By Dara Padwo-Audick
Editor’s note: Tickets are now on sale for the 2023 Capital Fringe Festival (July 12 to 23), and DC Theater Arts has offered space to ten Fringe producers to describe their shows in their own words. Check back for more 2023 Capital Fringe previews!
What’s it like to fight skin cancer as a resilient human warrior? After two melanoma and six basal cell surgeries, I wanted others to know. I’m not alone in my battle with skin cancer; I have much to say about my experience. So, I wrote a full-length play, Onion Skin. The play is a dark, dramatic comedy on purpose. Cancer is not fun but will transform you if it doesn’t kill you.
Stylized with lighting, blocking, props, and a video element, Onion Skin explores the journeys of four people facing different stages of skin cancer. The play peels back the psychological layers of Melanie, Diana, Cherry, and Tim as they confront their mortality, humanity, and the medical institutions that both support and hinder them.
It was essential to incorporate Elisabeth Kübler-Ross’ stages of grief — anger, denial, bargaining, depression, and acceptance — in the play. I also wanted to depict the deep inner work that happens with a cancer diagnosis when one chooses to do the work that involves introspection and reaching out for support. Vulnerability and strength need to find a balance if you’re going to get through treatment with dignity. Humbly leaning on others is a skill cancer patients must embrace. Self-advocacy is mandatory for survival.
Three female doctors, played by the same actor in different costumes, represent both satirical and supportive aspects of the medical community. My experience with the medical community during skin cancer surgeries and reconstructions has been as multilayered as an onion, hence the title.
In the play, my first dermatologist, Dr. Oblivia, missed melanoma on my arm. I could have died. Seriously.
I took matters into my own hands and researched everything I could find about melanoma, basal cell, Mohs, and plastic surgeries. I found the best doctors in the DC Metro area and made sure they accepted me into their practices. I was lucky. I have an incredible care team now.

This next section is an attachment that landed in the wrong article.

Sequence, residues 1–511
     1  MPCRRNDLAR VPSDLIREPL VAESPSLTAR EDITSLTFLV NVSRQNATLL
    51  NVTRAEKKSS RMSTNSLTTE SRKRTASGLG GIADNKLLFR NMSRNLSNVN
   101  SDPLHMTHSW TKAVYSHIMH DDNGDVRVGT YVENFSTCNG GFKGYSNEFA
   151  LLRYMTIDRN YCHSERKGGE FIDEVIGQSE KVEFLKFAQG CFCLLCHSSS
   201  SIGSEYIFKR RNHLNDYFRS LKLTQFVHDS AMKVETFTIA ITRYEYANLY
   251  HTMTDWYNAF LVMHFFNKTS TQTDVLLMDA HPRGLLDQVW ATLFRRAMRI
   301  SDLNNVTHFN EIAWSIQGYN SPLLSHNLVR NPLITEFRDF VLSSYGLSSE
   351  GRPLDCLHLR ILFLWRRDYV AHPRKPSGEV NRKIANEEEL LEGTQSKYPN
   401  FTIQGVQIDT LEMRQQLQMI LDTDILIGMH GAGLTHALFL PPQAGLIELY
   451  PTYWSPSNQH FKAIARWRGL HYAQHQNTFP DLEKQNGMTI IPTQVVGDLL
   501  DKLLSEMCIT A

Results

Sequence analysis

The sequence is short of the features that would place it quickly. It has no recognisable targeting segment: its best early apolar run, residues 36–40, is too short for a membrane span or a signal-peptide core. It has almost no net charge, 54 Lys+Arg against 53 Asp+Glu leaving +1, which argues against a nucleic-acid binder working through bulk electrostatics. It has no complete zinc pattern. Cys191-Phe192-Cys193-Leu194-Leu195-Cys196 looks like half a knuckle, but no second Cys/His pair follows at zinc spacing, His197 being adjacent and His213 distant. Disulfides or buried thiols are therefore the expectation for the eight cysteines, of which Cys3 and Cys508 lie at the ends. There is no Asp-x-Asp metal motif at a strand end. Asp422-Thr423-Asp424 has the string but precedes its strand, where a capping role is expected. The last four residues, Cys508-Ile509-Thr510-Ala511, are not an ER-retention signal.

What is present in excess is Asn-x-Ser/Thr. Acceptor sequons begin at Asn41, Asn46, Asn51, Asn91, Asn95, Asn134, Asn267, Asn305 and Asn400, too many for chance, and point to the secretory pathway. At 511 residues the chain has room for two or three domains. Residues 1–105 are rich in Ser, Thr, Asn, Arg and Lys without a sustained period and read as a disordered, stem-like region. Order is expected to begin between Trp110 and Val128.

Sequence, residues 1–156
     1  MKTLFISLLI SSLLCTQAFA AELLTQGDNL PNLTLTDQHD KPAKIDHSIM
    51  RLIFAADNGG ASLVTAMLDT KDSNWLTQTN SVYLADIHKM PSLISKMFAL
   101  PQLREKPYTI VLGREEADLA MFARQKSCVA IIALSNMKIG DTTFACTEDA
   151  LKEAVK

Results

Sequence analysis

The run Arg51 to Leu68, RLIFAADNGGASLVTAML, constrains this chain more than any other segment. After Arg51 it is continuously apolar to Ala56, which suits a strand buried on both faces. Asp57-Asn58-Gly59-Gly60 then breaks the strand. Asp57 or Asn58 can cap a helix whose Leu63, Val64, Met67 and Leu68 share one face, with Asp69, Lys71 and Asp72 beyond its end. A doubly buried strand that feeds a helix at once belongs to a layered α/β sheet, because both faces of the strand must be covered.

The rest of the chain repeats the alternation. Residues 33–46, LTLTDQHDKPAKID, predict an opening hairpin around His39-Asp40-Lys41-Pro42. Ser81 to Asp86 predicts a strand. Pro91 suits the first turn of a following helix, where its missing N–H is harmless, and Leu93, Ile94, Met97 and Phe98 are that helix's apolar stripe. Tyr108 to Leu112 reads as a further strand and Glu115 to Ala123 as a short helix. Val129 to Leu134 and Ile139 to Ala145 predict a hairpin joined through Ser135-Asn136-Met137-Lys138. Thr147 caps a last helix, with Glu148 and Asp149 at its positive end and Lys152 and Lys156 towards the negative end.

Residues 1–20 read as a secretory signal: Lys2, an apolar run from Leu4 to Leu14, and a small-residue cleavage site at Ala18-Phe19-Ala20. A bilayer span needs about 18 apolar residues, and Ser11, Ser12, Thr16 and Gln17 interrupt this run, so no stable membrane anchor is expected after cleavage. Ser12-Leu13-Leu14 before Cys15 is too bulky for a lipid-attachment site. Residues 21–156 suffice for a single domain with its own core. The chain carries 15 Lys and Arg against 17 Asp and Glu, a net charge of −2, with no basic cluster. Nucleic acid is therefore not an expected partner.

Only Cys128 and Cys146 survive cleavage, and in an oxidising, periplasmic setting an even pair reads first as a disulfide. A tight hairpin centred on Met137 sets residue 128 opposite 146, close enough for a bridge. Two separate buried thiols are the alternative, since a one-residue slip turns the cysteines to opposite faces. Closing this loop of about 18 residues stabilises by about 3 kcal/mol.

Part of the message in Onion Skin is that patients must discern between doctors who care and those who don’t. There are remarkable doctors out there. You need to find them.
The three doctors in the play also are confronted with surprising dilemmas. I wanted audiences to understand that doctors are people too. While we see them as experts, they have a human side. A good and responsible doctor becomes your partner in treatment and health.
Onion Skin is not my first play. I started writing short stories when I was six. I wrote short plays and cast the neighborhood kids in them. We passed out tickets and performed on townhouse patios. We even provided homemade chocolate chip cookies.
I embraced the theater as a performer and director throughout my high school and college years. However, as much as I loved the stage, I turned to advertising and nonfiction television in my later twenties to earn a living and support myself and my young son.
I returned to my fiction roots while completing an MFA in Playwriting and Screenwriting at Antioch University in Santa Barbara, California. My insightful mentor, playwright and screenwriter Colette Freedman, pushed me to share my journey in Onion Skin. I can’t thank her enough for doing so.
Onion Skin took a year to write and rewrite. I was thrilled when the 2023 Capital Fringe Festival accepted the play. I set my mind on raising almost $20,000 to bring the production to life and fairly pay my cast and crew. I did it with the help of many generous donors and a supportive fiscal sponsor, From the Heart Productions.
Since then, the play has taken on a life of its own. I wanted to raise skin cancer awareness and was delighted when MDSolarSciences offered to partner with our production and offer free sunscreen samples to Onion Skin attendees.
A friend introduced me to my co-director, Helen Hayes award-winning composer and director Matt Conner. Collaborating with him and my exceptional cast and crew is an honor.
I hope audiences will see themselves in Melanie, Cherry, Diana, and Tim, whether they have faced cancer directly or not.
Our skin is our largest organ. We need to protect it. We never know how much time we have on this earth. I believe Onion Skin is a reminder to seize every moment.
Running Time: 75 minutes.
Dara Padwo-Audick is a writer, producer, and director for film, television, and stage. She is also an adjunct professor in the Film & Media Arts Division at American University.
The complete 2023 Capital Fringe Festival guidebook is online here.
SEE ALSO: 2023 Capital Fringe Festival to pop up in Georgetown and Dupont (news story, April 28, 2023)